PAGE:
The definite form of brand names

So in my native language the definite system is exactly the same, we dont have the word 'the' either, instead we change each word just like in swedish

(en bok ->boken) in my language -> telefoni -> telefonin

And here comes my question, how would it be in swedish if i were to say the iphone? the coca cola? or any other brand. Would it become iphonen/iphonet or coca colan/coca colat?

In my language everything changes ,which i find extremely irritating, I hate it, it does not feel right to change the name of a brand. I hope this doesnt happen in swedish

/ My rant is over :p

March 4, 2015


Yeah, mostly it goes to '-en.' If it were to change to '-et,' I would think it's because of the ingrained phonetic patterns that lead Swedes to intuitively know if something is neutrum or utrum in the first place.

iPhone becomes iPhonen just as 'telefon' also changes to 'telefonen;' they're utrum. As you probably know, most words are utrum anyway, so it's generally the default.

When a brand name is used with neutrum (-et), it's usually because it ends in a word that is neutrum in Swedish already. For instance, 'plexiglass' in Swedish is 'plexiglas,' and is declined as 'plexiglaset' since 'glas' is declined to 'glaset' too.

March 5, 2015

Totally got it, very easy for me to adopt this, since it is how my language works

March 5, 2015

Good answer. Still there is something puzzeling going on. For example, I think game consoles tend to become ett-words. It is nintendot and, in my opinion, playstationet and xboxet even though station and box are en-words.

March 7, 2015

Good eye. It's because modern loanwords in general tend to become ett-words at a higher ratio than non-loanwords. And the reason for that is likely that foreign words may be slightly harder to fit into the en-word conjugational format.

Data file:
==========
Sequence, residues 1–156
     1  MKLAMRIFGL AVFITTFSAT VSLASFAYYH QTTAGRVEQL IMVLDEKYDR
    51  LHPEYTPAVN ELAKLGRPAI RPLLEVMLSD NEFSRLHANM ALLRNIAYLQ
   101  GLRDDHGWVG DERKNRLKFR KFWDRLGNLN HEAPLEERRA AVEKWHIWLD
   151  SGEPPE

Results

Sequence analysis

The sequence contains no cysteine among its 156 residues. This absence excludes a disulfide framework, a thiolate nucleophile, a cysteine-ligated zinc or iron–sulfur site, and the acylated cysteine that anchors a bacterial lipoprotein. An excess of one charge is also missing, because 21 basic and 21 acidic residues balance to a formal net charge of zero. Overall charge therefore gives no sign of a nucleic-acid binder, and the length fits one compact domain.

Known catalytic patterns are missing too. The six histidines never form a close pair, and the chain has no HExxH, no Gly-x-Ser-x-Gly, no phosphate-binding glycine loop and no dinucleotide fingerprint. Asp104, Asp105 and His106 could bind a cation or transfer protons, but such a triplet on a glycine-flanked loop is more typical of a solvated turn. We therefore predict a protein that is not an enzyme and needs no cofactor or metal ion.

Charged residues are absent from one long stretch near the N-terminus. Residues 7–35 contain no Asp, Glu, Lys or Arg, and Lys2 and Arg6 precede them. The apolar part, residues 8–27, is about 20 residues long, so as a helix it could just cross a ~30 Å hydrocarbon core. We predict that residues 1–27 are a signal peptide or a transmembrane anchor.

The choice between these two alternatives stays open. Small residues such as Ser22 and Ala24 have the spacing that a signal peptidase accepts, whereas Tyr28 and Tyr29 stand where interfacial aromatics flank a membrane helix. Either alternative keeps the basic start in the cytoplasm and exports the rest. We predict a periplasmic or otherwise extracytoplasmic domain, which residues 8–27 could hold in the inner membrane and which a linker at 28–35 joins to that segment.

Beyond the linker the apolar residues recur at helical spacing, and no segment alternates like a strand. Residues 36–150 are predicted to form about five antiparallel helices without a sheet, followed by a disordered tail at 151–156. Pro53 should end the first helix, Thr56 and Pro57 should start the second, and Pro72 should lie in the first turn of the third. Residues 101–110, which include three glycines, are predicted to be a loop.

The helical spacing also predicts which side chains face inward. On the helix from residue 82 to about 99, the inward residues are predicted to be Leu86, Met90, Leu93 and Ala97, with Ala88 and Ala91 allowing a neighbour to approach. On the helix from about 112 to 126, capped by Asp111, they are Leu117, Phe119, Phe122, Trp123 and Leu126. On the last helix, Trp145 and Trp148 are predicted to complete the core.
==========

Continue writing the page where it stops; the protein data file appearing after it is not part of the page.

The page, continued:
I say Xboxen myself, but either way is fine. :)

March 7, 2015

Well, I am sorry but I'm afraid I'm going to make you very disappointed, then. :)

One of the major features of Swedish (and indeed of English) is the ability to very easily change or conjugate words. This makes loaning words from other languages simple, especially when compared to languages such as Icelandic or French, both of which have far more rigorous rules they need to fit the new words to.

And since Swedish also uses agglutinative definiteness, we're kind of forced to use "iPhonen" or "Coca-Colan". I wouldn't consider this changing the brand name. The iPhone is still there - much like it is in English. The difference is that when English puts a "the " in front of the word, we put an "n" or a "t" after.

It's usually "n", but it might be "t" occasionally. Not sure if this follows any outspoken rules, or if it's just a learned ability Swedish speakers share without realising it.

March 4, 2015

Ouch, I think I'm living a nightmare, I was making fun of that my entire life and now here it is again!

At least you dont change the names right? like Sven - Svenen? That also happens in my language, I cant really explain it in English because there's not such thing as 'The Sven is playing' but it is normal here

March 5, 2015

Nope, that we don't. I mean, we do use nicknames, of course, but not like you describe.

It's funny you chose "Svenen" as an example, as "svennen" is a slang term for a stereotypical Swede. :)

March 5, 2015

Ok that's something:) Haha chose Sven because it's my favorite swedish name out of the three I know

March 5, 2015

No, Swedish doesn't decline names, except for genitive/possessive. You're welcome, haha. 'Sven is playing' just becomes 'Sven lekar.' 'Sven's plaything' -- 'Svens leksak', so there you see the genitive case, but it's just made by adding an s (without an apostrophe like in English).

@devalanteriel Having learned Swedish for several years now, I can't tell why either; you internalize it after a while as with any language. None of the Swedish speakers in my family can tell me why something is -en or -et either.

March 5, 2015

I think Swedes default to "-en" when using words directly from English and others.

March 4, 2015
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